Let’s look at how a supplier registers and gets verified, and the importance of verification. The first step is for a supplier to provide Google-requested information and documents that show that the supplier is registered for business (including, where applicable, company name in "local language", "factory office name or address", and "China customs registration number"); and is in good financial standing (via credit information). The required information varies according to the region of the supplier: US, Taiwan, Hong Kong or China. The required information is sent to a 3rd party verification company, which attempts to verify the accuracy of the general company information, the authorization of specific people, and the supplier’s credit information. If a supplier cannot be verified, it is allowed to reapply two more times within a 12 month period. Step two is to pay the annual verification fee: $1000 USD; $ 6000 Canadian; $7500 Hong Kong. (Clearly, Google is trying to sign up Asian manufacturers/suppliers.) The GSS website states that Verified Suppliers may in the future pay a per-transaction fee; e.g., for every view of its information, and/or for every sale made through GSS. (Suppliers with good credit can pay after being verified).
Step three involves uploading product information into the GSS web site, including defining the product’s category, sub-category, etc., as described earlier. A copy of each Certification document can also be uploaded, in which case the 3rd party verifier attempts to validate each. Suppliers can efficiently uploaded information about similar products by using a copy and edit feature provided by Google.
Note that the verification process is repeated every 12 months, and a new fee is due at that time. This policy by Google helps maintain the level of credibility that verification implies.
Information from Verified Suppliers appears on the regular Google (search) web site as well as in the Sponsored Results section of the GSS web site, ahead of information from unverified suppliers. Information for Verified Suppliers also contains a colored badge, signifying verification, and contains information that unverified suppliers are not allowed to provide to Google. Non-verified suppliers’ products information also appears after a GSS search, but well below the information of verified suppliers.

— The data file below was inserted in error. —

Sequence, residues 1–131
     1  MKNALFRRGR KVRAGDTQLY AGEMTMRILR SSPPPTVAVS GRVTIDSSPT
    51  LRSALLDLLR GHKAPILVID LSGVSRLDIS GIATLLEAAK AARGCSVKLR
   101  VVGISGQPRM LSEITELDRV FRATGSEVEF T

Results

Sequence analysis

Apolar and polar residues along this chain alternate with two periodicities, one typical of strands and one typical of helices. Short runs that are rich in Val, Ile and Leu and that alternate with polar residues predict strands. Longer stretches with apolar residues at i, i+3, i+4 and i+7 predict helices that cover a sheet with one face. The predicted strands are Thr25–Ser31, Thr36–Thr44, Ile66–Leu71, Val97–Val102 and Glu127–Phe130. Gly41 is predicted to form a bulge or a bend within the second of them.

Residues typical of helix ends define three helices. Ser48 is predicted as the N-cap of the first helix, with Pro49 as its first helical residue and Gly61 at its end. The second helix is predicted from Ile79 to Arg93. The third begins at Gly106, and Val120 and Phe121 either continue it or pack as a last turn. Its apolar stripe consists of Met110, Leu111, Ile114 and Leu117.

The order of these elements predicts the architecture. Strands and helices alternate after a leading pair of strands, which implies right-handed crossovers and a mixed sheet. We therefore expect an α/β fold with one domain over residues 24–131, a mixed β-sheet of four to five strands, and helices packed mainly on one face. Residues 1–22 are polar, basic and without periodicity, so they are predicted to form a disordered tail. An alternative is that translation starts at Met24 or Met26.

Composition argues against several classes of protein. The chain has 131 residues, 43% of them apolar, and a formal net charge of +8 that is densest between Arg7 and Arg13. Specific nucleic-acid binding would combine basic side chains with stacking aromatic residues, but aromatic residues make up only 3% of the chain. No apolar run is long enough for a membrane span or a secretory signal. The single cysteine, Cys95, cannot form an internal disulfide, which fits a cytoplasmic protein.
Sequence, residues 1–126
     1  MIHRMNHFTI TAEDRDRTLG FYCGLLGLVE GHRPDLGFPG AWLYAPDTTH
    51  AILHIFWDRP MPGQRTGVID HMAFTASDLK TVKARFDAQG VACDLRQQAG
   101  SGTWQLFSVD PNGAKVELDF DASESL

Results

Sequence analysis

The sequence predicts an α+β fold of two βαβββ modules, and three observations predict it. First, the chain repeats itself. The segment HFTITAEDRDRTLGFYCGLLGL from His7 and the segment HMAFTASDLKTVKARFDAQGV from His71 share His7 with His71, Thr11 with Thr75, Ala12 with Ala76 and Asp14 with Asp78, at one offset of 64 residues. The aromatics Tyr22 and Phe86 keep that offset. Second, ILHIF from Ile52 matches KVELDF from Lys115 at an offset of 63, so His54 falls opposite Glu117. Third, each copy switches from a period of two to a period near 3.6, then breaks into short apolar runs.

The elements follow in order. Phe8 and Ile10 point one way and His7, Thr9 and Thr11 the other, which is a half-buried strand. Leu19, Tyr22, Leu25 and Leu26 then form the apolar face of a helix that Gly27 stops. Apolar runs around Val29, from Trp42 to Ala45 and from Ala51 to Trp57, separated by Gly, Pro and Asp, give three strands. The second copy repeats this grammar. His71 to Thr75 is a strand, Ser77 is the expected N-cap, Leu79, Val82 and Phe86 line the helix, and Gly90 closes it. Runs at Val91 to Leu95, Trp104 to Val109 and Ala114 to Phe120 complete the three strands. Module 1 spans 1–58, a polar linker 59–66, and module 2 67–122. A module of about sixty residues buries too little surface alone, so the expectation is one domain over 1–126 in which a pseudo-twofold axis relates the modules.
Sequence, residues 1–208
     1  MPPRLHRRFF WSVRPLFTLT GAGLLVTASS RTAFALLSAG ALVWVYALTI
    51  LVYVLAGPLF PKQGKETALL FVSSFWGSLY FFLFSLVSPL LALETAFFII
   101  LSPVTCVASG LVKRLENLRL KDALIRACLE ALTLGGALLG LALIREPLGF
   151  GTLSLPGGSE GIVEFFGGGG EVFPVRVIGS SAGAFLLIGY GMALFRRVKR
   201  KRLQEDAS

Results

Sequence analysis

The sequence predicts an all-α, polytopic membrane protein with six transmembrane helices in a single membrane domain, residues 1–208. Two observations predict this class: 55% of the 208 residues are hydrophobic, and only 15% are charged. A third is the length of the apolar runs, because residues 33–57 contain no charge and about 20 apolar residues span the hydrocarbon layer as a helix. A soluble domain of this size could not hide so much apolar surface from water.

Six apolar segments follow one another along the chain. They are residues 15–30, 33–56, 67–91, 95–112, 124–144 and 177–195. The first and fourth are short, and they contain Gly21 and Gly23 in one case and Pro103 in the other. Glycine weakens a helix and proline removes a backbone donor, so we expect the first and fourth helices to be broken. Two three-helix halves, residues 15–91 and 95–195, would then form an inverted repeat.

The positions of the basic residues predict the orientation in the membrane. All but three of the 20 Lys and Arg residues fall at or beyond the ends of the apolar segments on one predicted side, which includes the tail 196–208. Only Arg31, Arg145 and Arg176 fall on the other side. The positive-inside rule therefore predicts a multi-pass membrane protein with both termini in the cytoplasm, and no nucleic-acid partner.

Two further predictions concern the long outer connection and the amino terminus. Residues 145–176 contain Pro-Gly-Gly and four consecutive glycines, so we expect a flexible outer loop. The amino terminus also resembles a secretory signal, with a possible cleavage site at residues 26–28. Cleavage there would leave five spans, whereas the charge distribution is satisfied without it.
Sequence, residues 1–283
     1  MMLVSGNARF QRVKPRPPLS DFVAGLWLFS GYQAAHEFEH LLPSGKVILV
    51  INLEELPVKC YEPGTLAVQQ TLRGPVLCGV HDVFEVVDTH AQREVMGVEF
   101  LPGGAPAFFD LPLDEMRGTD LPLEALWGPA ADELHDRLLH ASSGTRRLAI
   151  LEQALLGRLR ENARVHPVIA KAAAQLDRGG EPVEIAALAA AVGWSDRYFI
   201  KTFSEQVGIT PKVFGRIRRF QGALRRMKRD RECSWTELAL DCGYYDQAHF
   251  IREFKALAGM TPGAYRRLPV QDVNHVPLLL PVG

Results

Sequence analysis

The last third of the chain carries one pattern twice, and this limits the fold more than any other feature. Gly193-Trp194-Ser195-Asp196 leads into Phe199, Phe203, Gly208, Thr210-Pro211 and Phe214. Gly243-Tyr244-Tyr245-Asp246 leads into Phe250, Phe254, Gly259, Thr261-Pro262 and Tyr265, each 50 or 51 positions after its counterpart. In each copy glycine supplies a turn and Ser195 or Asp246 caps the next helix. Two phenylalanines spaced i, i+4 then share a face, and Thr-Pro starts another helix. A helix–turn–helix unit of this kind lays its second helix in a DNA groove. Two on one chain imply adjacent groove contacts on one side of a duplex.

Is GSS Really A Threat To Electrical Distributors?
Yes. Do not dismiss GSS as it is now. Remember that Amazon started by selling only books, and its web site did not contain the features that today make it easy for buyers to find and buy something. Then Amazon established Amazon Supply, which claims to sell 750,000 products, and drew upon the best features of its consumer web site to create a B2B web site that is considered one of the easiest and fastest to use. Think of GSS today as the original, primitive-website Amazon but selling only three types of books. As Amazon did, GSS will undoubtedly expand its product categories and evolve its web site and business practices to make it easier for sellers and end users to do business. It isn’t the breadth of GSS’ products or the specifics of its web site that pose the threat to electrical distributors, its GSS’ deep pockets and commitment to evolving the disintermediation model. When GSS becomes very successful, how long will it be before some manufacturers of electrical products stop using electrical distributors to convey their products to end users?
Electrical distributors should determine which non-stock products that are bought for customers as special orders really don’t need the services of a distributor; especially products that are usually shipped directly from a manufacturer to a job site. These products are likely candidates for listings on GSS or other trading sites. Next, identify products that are stocked but usually not delivered until a few days after a sales order is taken. Thanks to advances in logistics, such as FedEx ground and UPS, these other products could also appear on GSS. Then, at the risk of giving manufacturers ideas, it may be time for a heart to heart chat with the manufacturers of these products about their plans for by-passing distributors. Some electrical distributors may then want to terminate their representation of some manufacturers, and no longer stock some of the products in question. Its also a good idea for electrical distributors to determine if their web sites are easy for customers to use to buy products, especially products that are not stocked or are usually shipped direct to job sites. A recent study showed that the vast majority of procurement specialists prefer suppliers who offer e-commerce, even if orders are placed by phone or FAX or email.
For more than 30 years, Dick Friedman has worked with electrical distributors and electrical contractors to develop long range plans and acquire technology. He is a Certified Management Consultant and is objective and unbiased. He has Bachelor of Engineering and MBA degrees, and can be reached at 847 256-1410 for a FREE consultation. Or visit www.GenBusCon.com for more information or to send e-mail.